To what extent is fatigue a factor in bone marrow failure disease patients?
There’s not a lot of data yet looking at fatigue in the diseases that aren’t cancer. However, with the help of AA&MDSIF we recently conducted a study where patients reported fatigue levels and it does seem similar to what we see in cancer-related fatigue. This is self-reported data from a diverse group of individuals. We asked about and measured fatigue. It is a prominent symptom in the group of patients we surveyed. We have submitted an abstract on this that will be a poster presentation at ASH 2015. We’re going to submit the MDS portion of this study to a global academic program in Brazil in April.
What kind of methods are there to determine how much fatigue a patient is experiencing versus what they report? How do you get patients to self-
monitor or really pay close attention to their fatigue level to accurately communicate this?
This is very important – and every patient’s experiences are different. At MD Anderson, we use a validated tool, the brief fatigue inventory. For fatigue symptoms in patients, we have to rely on self-reporting because there’s no other diagnostic measurement such as a blood test that can do this. The tools we use can be very helpful tracking the patient’s progress with fatigue as we change interventions or make additions or changes to their regimen. Patient reporting is the primary method – I often have my patients keep a ‘fatigue diary’ at home so they can figure what things they do may be adversely affecting their fatigue level, and they can better plan around those things.
Are you able to tell what the source of the fatigue is? For example, are chemotherapy, radiation and stem cell transplants all suspect, along with non-treatment sources of fatigue?
In most cases, it’s multi-factorial. We know fatigue is linked to the various treatments used and likely the disease itself, depending on the status of the disease. With survivors who no longer have the disease, there still can be residual fatigue from the treatment that occurred. Fatigue is nonspecific, and besides the disease and treatment, other symptoms like depression, anxiety and sleep dysfunction are closely associated with fatigue. These contribute to it along with other co-morbidities patients may have, such as untreated hypertension, diabetes or heart disease. In evaluating fatigue, we have to consider all of these factors. So, there can be a number of contributing factors but we can’t discern which ones are contributing more to the fatigue than another. We treat the easiest ones first and see how much we can minimize the level of fatigue the patient reports.
We do know that patients who receive intensive treatments and have had different kinds of previous treatments – radiation, chemotherapy, stem cell transplants among them – tend to have more fatigue. If a patient has a relapse, doctors have to consider their symptoms and quality of life. If they have had a number of treatments, the fatigue can be overwhelming, and this has to be stabilized or optimized before moving on to the next kind of treatment.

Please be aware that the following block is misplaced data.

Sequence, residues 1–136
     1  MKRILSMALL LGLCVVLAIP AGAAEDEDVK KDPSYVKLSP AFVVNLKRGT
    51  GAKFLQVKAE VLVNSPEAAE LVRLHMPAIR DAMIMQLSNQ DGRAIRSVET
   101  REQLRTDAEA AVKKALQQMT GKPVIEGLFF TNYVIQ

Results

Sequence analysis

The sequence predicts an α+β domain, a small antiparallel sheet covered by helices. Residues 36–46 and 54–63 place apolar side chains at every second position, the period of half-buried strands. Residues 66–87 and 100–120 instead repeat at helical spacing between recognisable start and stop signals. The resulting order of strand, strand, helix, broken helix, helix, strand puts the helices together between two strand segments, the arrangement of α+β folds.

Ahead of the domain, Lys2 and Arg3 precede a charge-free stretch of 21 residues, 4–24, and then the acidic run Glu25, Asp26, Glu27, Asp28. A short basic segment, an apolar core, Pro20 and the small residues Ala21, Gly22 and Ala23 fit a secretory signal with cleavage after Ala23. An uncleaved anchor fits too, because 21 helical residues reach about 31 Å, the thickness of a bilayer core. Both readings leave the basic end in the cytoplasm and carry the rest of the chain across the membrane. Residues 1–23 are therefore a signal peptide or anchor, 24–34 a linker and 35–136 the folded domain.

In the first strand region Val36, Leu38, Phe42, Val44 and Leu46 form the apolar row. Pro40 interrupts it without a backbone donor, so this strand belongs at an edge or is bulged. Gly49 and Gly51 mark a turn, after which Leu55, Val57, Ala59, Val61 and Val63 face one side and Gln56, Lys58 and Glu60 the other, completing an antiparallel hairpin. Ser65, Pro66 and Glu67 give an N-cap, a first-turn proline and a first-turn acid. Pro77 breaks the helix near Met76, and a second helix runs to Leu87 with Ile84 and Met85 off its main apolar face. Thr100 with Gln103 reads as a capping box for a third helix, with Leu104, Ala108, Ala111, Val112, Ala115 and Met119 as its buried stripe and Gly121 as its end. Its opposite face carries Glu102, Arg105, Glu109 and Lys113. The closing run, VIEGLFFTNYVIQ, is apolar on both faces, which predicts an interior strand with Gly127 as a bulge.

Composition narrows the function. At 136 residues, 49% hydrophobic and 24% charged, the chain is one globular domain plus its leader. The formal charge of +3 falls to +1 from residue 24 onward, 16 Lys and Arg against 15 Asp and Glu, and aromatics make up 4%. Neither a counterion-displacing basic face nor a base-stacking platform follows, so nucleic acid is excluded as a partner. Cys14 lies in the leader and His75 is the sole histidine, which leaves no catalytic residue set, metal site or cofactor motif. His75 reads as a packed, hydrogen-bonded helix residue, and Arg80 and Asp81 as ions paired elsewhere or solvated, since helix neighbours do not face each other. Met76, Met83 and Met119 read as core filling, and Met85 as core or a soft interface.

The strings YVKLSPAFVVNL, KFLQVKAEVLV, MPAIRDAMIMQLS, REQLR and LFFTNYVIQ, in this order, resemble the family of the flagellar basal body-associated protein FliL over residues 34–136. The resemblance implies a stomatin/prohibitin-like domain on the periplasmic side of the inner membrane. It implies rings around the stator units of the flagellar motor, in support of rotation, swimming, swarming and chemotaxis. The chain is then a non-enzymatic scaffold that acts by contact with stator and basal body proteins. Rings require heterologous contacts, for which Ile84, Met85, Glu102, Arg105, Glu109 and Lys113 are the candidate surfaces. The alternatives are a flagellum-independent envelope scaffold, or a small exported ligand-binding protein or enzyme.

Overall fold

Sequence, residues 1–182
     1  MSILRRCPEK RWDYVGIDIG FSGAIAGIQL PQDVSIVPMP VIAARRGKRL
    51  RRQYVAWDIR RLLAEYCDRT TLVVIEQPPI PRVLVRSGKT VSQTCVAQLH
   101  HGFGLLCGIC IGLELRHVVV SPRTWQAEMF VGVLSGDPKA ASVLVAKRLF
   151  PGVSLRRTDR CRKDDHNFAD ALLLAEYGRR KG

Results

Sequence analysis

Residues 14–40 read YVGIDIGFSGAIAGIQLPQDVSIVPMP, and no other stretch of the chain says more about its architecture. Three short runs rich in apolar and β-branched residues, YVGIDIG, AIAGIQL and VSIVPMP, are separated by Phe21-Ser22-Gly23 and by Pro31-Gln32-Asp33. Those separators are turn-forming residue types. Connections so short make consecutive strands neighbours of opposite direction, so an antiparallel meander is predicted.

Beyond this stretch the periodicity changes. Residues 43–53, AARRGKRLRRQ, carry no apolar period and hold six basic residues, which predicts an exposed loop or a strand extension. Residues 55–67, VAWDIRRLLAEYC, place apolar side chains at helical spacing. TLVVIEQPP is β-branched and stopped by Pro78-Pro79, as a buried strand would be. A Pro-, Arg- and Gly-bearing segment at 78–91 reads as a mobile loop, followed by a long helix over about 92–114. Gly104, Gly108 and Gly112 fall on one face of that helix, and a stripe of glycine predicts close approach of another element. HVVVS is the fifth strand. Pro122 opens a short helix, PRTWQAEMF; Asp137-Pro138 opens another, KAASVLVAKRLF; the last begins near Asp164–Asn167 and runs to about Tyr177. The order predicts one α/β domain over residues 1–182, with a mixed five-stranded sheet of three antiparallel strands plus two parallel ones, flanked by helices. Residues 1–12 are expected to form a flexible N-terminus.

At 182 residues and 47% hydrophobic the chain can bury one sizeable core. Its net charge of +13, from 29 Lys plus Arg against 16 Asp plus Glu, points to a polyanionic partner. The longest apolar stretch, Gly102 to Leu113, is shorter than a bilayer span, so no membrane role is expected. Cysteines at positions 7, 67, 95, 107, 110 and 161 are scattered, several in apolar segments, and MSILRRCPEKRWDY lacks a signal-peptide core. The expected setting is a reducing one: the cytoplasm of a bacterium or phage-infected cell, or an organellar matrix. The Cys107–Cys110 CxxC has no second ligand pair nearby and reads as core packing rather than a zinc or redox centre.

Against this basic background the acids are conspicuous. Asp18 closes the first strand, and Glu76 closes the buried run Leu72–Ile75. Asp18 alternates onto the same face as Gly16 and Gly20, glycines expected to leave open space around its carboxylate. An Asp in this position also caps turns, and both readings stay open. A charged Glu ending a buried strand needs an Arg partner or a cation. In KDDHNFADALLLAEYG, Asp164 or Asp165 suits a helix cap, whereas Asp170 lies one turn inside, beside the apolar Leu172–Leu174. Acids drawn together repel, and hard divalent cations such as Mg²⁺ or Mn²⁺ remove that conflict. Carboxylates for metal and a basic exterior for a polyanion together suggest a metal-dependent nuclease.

What non-drug therapies or interventions seem to work well helping patients manage and reduce fatigue?
The best evidence for non-pharmacologic or non-drug management is activity enhancement, such as exercise, and psychosocial interventions, which are behavioral-type therapies. These interventions are recommended based on the most evidence in the literature. For the majority of patients, we try to have them start some type of exercise program. The level of exercise depends upon the patient. An individualized approach should be taken. Their level of physical activity and other underlying patient-specific factors may contribute to the type and intensity of exercise. Psychosocial interventions have included educational activities, support groups and individual counseling, comprehensive coping methods, stress management training and personal behavioral intervention. Some examples that may be helpful to patients include taking brief naps early in the day or listening to guided imagery tapes daily.
What has the MD Anderson cancer fatigue clinic been doing recently?
We’re very busy, always evaluating more patients. We are also doing an internal study right now with the pain and symptom management group in our clinic exploring the relationship of fatigue and motivation. One of our postdocs in the symptom management group is working on this, and we’re recruiting patients from the clinic for this to find out whether there is a true relationship between motivation and fatigue. We hope to have some data in the next few months. So, we have studies being run along with the day-to- day activity at our cancer-related fatigue clinic.
What is the most important advice you can give a patient seeking to better manage their fatigue?
First of all, patients should try to self-monitor their fatigue, to get an idea of what makes it better and what makes it worse. Knowing what their usual activities are and correlating these with their fatigue level can be helpful when talking to their provider about fatigue and fatigue level changes associated with particular daily activities. When a new drug is started, or when the dose changes, patients should note the effect upon their fatigue. So, it is helpful for patients to keep a diary to determine whether they can define a pattern of fatigue or to note factors either improving or worsening their fatigue.